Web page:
YouTube removes ads from anti-vaccination video channels

The news follows another YouTube advertiser scandal earlier this week over child exploitation.

Richard Nieva Former senior reporter
Richard Nieva was a senior reporter for CNET News, focusing on Google and Yahoo. He previously worked for PandoDaily and Fortune Magazine, and his writing has appeared in The New York Times, on CNNMoney.com and on CJR.org.
Richard Nieva
2 min read
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YouTube said Friday that it's removing ads that appear on video channels featuring anti-vaccination content.

The move comes after some marketers pulled ads from the platform because they didn't know they were appearing with videos that discourage vaccinations. BuzzFeed, which first inquired about the anti-vaccination videos with YouTube, earlier reported the news.

"We have strict policies that govern what videos we allow ads to appear on, and videos that promote anti-vaccination content are a violation of those policies," a YouTube spokeswoman said in a statement. "We enforce these policies vigorously, and if we find a video that violates them, we immediately take action and remove ads."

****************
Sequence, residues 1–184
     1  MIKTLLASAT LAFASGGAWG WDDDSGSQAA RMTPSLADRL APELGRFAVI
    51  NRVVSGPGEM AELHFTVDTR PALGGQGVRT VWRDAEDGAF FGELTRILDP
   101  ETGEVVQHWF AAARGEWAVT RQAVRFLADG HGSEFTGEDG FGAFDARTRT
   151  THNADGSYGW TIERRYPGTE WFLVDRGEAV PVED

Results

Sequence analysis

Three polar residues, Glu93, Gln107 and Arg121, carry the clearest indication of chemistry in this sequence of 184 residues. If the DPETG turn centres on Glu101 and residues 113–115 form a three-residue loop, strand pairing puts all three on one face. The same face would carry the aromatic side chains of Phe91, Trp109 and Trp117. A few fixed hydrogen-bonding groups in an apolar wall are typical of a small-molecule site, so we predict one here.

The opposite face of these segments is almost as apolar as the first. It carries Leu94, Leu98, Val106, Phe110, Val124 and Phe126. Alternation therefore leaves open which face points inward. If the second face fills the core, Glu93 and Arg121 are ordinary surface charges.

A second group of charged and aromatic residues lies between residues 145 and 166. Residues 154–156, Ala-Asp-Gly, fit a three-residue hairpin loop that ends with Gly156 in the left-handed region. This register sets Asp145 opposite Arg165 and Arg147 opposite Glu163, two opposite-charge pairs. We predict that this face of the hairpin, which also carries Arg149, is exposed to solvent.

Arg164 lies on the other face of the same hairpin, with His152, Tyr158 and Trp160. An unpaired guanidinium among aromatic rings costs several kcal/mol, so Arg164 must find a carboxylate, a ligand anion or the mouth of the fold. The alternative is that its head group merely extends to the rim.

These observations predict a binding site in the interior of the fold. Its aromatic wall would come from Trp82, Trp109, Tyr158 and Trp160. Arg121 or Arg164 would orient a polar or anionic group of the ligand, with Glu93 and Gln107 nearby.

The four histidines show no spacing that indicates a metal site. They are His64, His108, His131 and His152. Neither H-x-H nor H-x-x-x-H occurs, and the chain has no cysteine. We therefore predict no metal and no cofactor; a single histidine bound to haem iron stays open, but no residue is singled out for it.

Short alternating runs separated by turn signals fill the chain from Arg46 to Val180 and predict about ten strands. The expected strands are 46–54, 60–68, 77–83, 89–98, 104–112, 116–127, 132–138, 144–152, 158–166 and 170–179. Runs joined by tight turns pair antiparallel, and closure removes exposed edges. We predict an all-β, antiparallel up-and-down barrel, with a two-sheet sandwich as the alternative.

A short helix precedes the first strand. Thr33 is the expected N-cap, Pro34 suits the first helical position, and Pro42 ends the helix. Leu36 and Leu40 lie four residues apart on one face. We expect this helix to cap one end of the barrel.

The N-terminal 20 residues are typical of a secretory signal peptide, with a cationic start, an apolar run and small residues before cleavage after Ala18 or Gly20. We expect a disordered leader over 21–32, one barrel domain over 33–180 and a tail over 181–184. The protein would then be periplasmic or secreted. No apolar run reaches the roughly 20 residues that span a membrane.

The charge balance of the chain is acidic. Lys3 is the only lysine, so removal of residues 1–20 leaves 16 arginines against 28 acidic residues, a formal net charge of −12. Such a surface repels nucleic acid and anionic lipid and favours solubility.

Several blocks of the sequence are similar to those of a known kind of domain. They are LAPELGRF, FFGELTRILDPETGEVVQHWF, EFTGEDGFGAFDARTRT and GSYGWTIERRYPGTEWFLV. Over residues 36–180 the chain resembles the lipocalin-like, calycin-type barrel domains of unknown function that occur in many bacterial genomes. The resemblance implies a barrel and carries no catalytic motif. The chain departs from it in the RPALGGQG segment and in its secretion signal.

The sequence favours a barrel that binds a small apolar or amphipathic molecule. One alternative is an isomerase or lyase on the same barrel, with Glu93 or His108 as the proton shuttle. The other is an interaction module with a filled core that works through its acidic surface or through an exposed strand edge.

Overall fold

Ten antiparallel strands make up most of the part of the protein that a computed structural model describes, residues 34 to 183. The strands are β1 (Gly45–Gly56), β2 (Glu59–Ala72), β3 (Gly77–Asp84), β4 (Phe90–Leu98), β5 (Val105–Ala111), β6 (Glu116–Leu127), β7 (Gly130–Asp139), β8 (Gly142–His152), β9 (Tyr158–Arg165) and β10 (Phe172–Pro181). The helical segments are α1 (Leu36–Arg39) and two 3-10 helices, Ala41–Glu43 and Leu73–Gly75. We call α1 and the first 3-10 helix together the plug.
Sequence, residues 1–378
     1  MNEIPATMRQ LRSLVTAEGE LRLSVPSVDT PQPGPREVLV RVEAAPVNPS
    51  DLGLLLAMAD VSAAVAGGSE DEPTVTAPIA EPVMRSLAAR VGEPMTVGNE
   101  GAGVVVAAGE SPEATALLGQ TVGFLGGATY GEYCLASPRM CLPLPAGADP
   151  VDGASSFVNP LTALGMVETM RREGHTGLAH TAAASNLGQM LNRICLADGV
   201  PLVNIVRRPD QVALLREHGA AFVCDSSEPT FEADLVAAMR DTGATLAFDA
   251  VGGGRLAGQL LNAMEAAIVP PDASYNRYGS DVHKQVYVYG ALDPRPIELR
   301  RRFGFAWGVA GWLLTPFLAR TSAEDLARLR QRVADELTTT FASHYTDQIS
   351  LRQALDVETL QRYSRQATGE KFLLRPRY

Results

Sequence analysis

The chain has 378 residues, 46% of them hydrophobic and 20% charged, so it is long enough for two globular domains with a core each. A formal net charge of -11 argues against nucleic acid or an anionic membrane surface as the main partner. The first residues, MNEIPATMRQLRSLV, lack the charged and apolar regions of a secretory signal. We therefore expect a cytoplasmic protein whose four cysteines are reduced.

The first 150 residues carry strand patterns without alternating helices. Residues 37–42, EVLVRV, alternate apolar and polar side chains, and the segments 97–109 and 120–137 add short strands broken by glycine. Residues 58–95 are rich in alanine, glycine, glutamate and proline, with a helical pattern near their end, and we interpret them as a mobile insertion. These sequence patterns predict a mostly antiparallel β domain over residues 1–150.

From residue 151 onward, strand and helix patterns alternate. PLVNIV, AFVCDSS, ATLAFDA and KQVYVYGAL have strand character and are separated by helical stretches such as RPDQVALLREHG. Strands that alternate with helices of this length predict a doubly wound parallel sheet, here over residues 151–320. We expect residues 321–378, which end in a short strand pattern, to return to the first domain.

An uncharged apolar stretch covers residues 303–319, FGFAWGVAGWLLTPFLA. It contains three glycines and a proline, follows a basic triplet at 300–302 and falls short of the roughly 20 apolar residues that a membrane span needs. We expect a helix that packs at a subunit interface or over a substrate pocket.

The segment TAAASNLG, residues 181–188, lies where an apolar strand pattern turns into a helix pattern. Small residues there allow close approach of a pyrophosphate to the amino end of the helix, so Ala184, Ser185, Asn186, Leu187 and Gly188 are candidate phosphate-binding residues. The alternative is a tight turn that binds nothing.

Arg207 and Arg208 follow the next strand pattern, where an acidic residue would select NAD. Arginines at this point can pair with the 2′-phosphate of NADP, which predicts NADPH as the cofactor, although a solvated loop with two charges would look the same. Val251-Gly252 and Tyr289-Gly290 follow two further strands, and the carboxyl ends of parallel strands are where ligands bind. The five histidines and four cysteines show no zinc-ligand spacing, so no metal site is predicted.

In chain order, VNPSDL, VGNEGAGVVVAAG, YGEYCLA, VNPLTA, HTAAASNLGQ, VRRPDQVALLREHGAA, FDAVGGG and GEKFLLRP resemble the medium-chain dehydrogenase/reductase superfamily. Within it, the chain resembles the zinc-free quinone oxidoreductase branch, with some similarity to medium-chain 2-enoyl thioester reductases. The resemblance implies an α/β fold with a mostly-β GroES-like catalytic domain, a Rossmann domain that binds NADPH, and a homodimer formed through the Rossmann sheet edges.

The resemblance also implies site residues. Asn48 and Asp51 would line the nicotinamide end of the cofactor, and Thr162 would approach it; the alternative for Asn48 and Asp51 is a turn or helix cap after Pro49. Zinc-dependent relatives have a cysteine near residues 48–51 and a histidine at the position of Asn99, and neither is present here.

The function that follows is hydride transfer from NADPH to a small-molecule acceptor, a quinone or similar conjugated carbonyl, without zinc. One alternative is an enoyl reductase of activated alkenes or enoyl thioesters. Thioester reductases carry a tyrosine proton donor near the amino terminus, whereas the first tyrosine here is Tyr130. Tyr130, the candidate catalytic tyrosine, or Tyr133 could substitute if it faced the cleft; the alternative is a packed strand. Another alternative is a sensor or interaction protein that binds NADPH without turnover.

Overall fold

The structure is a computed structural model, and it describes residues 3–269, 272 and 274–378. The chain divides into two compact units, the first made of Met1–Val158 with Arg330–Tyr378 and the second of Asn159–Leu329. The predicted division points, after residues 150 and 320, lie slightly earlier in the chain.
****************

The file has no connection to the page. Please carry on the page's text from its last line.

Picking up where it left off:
While YouTube, which is owned by Google, is dropping the ads from those channels, the policy is not new. Anti-vaccination content was already considered harmful content, and should not have been monetized in the first place, but those videos slipped through YouTube's filters. 

Lawmakers have recently put pressure on tech giants to stop the spread of misinformation concerning vaccinations. Earlier this month, Rep. Adam Schiff, a Democrat from California, wrote an open letter to Google CEO Sundar Pichai urging him to fix the problem of anti-vax content on the search giant's platforms.

"There is strong evidence to suggest that at least part of the source of this trend is the degree to which medically inaccurate information about vaccines surfaces on the websites many Americans get their information, among them YouTube and Google search," Schiff wrote.

The news also comes after advertisers, including AT&T and Fornite maker Epic Games, said they would boycott YouTube for their ads appearing next to content that promoted child exploitation